The Bible on Our Side: Southern Religious Support of Slavery

Friends of Padre Steve’s World,

This week I have been relating religion to civil rights through the lens of the slavery, abolition, and the ante-bellum United States and today I will continue that with another section of my Civil War and Gettysburg Staff Ride text. It comes from the same chapter as my past few posts dealing with the role of religion and ideology in the period and its effect on the antagonists before, during and after the war. 

It is a lens through which we can view other topics that divide us today including the continuing battle against racism, Women’s rights and Gay rights. The fact is that we cannot isolate these issues from the understanding that the defense of liberty for all safeguards liberty for all. Sadly, there are a substantial number of Christians in the United States who do not believe that and through the legislative process seek to limit, role back, or completely deny rights to groups that they despise, especially Gays, but also women, and racial and religious minorities. We cannot get around that fact. It is happening with new instances occurring almost every week, and much of these laws are being passed due to the “sincerely held religious beliefs” of Christians to deny other people’s rights based on their interpretation of Biblical texts.

The words of the current politicians, preachers and pundits who fight to limit the rights of others is strikingly similar to those who defended slavery and attacked those who fought against it.   

This is not new, it has happened many times in our history, but the most notorious and injurious to American society was the defense of the institution of Slavery by American Christians, particularly those in the South. This article discusses that defense of slavery which arose in response to the tiny, but vocal number of Christians who helped lead the abolition movement.

Have a great day,

Peace

Padre Steve+

OTCauction

Southern Religious Support of Slavery

“we must go before the nation with the Bible as the text and ‘Thus saith the Lord’ as the answer….we know that on the Bible argument the abolition party will be driven to reveal their true infidel tendencies. The Bible being bound to stand on our side…” Reverend Robert Lewis Dabney on defending slavery and condemning its critics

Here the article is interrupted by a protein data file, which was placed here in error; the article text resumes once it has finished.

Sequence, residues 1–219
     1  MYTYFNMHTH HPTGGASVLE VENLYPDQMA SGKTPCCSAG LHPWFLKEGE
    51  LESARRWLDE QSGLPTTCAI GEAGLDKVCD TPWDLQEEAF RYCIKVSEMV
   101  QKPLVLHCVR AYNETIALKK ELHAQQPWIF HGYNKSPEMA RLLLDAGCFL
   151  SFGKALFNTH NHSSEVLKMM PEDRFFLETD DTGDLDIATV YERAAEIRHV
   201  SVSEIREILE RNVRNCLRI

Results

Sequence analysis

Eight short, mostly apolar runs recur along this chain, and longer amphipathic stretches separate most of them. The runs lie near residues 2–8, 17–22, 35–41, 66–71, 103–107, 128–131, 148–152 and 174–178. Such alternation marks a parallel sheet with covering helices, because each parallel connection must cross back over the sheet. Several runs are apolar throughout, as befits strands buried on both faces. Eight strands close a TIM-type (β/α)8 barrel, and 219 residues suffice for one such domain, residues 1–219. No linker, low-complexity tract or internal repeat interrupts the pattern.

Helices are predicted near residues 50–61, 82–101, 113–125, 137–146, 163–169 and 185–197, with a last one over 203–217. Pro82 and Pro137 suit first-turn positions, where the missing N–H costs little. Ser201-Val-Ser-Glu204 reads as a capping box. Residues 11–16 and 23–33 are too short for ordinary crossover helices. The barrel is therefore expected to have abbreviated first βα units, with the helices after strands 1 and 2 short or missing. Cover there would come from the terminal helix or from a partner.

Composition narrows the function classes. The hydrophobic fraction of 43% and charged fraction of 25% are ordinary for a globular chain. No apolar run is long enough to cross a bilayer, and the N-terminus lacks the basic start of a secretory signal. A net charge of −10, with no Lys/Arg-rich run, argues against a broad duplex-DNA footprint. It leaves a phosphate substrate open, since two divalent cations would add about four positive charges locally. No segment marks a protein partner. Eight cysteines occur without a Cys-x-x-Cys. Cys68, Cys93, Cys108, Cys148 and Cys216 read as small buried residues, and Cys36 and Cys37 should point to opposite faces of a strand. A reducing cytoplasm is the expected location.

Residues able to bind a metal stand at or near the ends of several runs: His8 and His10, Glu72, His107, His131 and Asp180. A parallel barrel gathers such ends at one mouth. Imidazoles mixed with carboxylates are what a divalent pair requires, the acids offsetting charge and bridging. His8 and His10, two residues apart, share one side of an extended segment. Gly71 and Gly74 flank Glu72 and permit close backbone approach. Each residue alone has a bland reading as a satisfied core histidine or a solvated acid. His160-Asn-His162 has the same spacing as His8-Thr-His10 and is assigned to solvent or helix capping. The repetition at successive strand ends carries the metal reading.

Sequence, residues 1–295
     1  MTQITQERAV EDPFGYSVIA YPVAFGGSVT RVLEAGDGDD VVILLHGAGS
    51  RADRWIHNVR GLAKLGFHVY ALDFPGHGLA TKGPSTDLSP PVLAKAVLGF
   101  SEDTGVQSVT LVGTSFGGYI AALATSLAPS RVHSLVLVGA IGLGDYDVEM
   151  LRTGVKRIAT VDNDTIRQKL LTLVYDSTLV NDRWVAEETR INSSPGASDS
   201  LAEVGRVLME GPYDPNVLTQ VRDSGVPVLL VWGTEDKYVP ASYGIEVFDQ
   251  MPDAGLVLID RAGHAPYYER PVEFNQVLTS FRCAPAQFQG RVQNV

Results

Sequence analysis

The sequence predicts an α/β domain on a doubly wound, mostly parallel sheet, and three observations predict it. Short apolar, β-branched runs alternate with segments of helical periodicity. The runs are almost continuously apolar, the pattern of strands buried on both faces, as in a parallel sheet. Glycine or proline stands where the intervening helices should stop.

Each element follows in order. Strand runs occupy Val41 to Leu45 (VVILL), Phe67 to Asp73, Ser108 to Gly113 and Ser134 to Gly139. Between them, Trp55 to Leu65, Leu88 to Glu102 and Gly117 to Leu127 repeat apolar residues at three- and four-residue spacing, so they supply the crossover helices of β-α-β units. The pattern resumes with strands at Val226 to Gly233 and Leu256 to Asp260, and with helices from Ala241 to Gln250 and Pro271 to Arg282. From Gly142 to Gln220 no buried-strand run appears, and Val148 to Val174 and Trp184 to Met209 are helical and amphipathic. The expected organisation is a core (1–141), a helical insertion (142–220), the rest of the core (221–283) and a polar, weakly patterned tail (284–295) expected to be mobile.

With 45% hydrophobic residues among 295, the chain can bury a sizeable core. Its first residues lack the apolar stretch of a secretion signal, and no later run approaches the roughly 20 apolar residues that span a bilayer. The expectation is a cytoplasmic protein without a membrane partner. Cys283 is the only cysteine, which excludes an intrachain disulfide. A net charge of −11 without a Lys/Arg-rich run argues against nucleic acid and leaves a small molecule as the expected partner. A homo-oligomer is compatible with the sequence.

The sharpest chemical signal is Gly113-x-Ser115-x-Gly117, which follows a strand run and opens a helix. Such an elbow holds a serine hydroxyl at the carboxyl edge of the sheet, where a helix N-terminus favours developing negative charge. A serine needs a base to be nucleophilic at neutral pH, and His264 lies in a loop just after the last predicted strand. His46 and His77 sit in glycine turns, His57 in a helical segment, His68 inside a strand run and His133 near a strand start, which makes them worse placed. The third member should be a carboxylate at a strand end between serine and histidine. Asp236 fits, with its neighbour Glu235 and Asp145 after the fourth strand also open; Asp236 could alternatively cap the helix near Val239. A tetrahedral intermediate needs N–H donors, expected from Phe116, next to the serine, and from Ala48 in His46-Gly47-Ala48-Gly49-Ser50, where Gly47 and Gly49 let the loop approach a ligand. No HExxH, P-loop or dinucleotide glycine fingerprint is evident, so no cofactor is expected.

In light of the threat posed to slavery by the emerging abolitionist movement, slaveholders were forced to shift their defense of slavery away from it being simply a necessary evil to a positive good. The institution of slavery became “in both secular and religious discourse, the central component of the mission God had designed for the South.” [1] Like in the North where theology was at the heart of many abolitionist arguments, in the South theology was used to enshrine and defend the institution of slavery. British Evangelical-Anglican theologian Alister McGrath notes how “the arguments used by the pro-slavery lobby represent a fascinating illustration and condemnation of how the Bible may be used to support a notion by reading the text within a rigid interpretive framework that forces predetermined conclusions to the text.” [2]

Southern religion was a key component of something bigger than itself and played a role in the development of an ideology much more entrenched in the Southern culture than the abolitionist cause did in the North. This was in large part due to the same Second Great Awakening that brought abolitionism to the fore in the North. “Between 1801 when he Great Revival swept the region and 1831 when the slavery debate began, southern evangelicals achieved cultural dominance in the region. Looking back over the first thirty years of the century, they concluded that God had converted and blessed their region.” [3] The Southern ideology which enshrined slavery as a key component of all areas of life was a complete worldview, a system of values, culture, religion and economics, or to use the more modern German term “Weltanschauung.” The Confederate worldview was the Cause. As Emory Thomas wrote in his book The Confederate Nation: